Note: The Juvenile Ultimatum: Reframing Blended Sentencing Laws to Ensure Juveniles Receive a Genuine “One Last Chance at Success”

By Anabel Cassady. Full text here. Full text here.

Blended sentencing laws allow judges to impose either or both a juvenile court disposition and an adult criminal court sentence on certain juvenile offenders. Minnesota’s blended sentencing statute, known as Extended Jurisdiction Juvenile (EJJ), was enacted in 1995 with the intention of giving juveniles “one last chance at success in the juvenile system.” Under Minnesota’s blended sentencing scheme, a juvenile court judge imposes both a juvenile disposition and an adult criminal sentence—but, crucially, the adult criminal sentence is stayed, that is, not executed, pending successful completion of the delinquency disposition.

Although Minnesota’s model sounds like a favorable law for juveniles—such that it provides them with another opportunity to stay out of the adult correctional system—critics are skeptical of the statute and believe that even if its intentions were to give juveniles “one last chance at success in the juvenile system,” it has actually done a lot more harm than good and too often youth are not given a meaningful opportunity to avoid an adult sentence. Thus, this Note centers on whether, despite its unintended consequences, EJJ, and blended sentencing more generally, could still play an important role in Minnesota and elsewhere, if amended in certain ways.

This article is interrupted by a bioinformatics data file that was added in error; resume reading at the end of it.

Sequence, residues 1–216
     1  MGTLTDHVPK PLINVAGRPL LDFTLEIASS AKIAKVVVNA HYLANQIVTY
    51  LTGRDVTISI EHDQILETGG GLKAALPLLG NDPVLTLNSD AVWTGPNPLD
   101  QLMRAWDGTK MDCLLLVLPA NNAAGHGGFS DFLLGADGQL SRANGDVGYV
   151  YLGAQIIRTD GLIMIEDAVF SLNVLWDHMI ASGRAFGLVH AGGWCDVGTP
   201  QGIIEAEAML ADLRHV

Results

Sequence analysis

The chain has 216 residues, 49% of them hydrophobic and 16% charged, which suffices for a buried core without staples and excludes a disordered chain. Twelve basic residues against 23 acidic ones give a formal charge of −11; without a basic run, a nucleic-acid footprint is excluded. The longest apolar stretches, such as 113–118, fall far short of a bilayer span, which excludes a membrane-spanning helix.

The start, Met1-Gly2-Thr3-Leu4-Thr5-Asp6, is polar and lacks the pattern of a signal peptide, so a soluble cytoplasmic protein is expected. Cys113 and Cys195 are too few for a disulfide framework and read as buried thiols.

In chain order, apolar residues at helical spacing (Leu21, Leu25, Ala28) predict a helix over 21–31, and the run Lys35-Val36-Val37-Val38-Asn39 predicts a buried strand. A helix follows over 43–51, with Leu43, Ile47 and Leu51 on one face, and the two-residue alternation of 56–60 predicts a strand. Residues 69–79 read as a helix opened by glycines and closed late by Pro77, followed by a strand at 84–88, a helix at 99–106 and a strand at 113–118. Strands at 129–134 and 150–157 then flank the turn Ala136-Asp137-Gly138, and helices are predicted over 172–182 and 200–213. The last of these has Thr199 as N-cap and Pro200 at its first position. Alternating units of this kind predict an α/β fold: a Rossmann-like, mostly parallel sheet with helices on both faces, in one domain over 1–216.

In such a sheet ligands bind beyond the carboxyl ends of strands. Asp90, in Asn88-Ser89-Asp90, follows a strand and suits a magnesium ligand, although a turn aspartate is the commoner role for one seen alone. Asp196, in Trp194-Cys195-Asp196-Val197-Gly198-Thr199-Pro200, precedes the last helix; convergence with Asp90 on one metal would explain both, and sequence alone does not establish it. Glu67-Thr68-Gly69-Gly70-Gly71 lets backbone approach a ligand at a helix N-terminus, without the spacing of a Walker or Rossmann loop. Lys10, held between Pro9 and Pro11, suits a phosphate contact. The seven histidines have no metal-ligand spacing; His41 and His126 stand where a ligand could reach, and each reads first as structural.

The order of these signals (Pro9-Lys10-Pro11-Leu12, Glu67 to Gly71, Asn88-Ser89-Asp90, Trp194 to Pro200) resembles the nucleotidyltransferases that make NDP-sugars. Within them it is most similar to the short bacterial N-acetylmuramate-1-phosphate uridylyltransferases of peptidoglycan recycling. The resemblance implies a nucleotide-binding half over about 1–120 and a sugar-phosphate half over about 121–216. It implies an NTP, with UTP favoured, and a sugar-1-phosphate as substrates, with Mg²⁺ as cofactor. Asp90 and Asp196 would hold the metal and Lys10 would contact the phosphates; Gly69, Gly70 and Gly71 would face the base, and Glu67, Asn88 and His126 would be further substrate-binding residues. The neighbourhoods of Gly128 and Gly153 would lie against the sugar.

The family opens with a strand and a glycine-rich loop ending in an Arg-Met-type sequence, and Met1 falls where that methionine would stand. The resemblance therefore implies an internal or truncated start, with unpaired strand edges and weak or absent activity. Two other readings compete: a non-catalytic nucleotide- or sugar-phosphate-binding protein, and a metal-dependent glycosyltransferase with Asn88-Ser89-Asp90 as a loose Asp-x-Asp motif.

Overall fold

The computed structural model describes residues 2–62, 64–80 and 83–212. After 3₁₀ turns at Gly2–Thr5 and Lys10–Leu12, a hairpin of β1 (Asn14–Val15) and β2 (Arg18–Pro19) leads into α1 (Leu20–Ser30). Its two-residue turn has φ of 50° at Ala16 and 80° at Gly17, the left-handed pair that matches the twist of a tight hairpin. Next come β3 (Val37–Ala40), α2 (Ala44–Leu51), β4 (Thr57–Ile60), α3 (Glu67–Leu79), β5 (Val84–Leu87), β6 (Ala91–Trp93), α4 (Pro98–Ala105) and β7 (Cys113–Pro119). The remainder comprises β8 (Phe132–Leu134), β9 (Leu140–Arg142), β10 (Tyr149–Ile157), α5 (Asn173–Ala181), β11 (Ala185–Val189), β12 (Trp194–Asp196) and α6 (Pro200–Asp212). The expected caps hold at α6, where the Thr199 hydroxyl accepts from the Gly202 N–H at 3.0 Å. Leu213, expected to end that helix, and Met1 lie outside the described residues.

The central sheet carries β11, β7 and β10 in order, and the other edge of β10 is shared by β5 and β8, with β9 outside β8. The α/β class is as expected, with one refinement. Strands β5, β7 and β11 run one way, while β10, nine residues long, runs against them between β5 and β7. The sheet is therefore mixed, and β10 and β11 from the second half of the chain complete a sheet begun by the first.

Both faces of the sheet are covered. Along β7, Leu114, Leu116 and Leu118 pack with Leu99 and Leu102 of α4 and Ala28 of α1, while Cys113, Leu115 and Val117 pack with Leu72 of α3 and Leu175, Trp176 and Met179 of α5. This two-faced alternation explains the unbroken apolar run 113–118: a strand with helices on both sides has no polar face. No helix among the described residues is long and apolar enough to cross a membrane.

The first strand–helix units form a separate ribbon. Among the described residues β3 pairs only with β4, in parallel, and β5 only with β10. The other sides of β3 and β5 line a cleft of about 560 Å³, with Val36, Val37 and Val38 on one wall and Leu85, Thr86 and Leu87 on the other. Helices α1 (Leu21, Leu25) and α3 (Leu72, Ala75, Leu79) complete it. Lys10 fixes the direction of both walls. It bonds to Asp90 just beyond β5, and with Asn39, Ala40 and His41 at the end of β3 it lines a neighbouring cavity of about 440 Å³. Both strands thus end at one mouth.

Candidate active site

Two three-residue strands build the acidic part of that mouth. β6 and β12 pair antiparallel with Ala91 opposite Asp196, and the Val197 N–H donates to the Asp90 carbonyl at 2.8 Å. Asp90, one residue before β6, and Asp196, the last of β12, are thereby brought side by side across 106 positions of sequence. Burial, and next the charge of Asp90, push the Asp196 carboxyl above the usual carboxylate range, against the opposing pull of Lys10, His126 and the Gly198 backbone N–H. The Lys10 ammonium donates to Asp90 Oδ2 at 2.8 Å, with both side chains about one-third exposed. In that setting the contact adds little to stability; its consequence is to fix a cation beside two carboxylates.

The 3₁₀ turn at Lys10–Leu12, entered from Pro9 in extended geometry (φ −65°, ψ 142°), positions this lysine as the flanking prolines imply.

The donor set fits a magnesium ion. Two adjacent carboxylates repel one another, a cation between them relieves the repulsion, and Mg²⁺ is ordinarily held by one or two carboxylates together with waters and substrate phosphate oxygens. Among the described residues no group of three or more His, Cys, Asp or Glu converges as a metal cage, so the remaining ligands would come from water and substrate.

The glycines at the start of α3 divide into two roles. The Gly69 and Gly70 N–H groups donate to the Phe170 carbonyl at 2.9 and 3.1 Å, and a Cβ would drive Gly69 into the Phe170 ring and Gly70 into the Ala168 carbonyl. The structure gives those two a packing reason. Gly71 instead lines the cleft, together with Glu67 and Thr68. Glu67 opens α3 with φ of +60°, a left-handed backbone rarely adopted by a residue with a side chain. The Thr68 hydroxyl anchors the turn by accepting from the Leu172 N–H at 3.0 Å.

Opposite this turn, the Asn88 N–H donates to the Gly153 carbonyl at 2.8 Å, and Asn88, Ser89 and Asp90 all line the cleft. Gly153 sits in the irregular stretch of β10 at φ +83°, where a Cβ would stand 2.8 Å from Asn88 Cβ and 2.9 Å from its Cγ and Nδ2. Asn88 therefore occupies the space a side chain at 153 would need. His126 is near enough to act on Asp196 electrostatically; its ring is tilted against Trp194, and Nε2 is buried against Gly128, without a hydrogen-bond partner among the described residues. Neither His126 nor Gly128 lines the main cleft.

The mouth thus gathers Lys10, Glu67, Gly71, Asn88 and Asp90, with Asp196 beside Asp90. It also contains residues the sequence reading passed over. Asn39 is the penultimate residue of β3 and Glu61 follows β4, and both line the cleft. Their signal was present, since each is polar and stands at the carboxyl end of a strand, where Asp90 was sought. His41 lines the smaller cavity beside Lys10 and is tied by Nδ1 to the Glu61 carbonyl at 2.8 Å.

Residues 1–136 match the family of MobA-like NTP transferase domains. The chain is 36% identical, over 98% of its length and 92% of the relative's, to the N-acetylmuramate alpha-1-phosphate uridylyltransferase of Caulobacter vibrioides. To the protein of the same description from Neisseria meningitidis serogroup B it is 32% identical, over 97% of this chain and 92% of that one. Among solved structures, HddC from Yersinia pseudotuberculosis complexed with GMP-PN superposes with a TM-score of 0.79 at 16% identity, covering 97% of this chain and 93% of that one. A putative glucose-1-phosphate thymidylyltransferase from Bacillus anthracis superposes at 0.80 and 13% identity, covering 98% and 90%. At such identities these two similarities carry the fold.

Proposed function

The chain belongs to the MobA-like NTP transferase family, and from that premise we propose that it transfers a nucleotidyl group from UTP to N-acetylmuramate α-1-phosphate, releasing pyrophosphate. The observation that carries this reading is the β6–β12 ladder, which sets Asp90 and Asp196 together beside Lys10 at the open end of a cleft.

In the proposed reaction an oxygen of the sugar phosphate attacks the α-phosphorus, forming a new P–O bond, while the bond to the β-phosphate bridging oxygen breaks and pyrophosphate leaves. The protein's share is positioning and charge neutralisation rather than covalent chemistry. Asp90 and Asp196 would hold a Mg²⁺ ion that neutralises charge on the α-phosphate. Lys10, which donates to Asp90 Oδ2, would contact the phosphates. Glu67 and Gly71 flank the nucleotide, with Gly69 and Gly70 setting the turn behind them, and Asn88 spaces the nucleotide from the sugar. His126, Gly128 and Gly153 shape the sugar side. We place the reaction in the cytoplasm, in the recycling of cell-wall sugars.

This Note argues that Minnesota’s blended sentencing scheme, while flawed, can be successfully amended to resolve its shortcomings. First, the EJJ statute should be amended to require the commission of a new crime in order to execute the original stayed adult sentence. Second, the statute should be amended so that judges deciding whether to revoke a youth’s probation and execute the stayed adult sentence would be required to hold a hearing similar to an adult certification hearing, which is the proper forum for determining whether the juvenile actually poses a threat to public safety. And third, the statute should be amended to include a stay of imposition in addition to the stay of execution. This Note concludes by arguing that if amended and implemented in a way that balances the interests of society with the interests of an EJJ youth deemed not to pose a threat to public safety, then Minnesota’s EJJ may serve as a model for other states in the growing trend towards extending juvenile jurisdiction and the broader movement of criminal justice reform.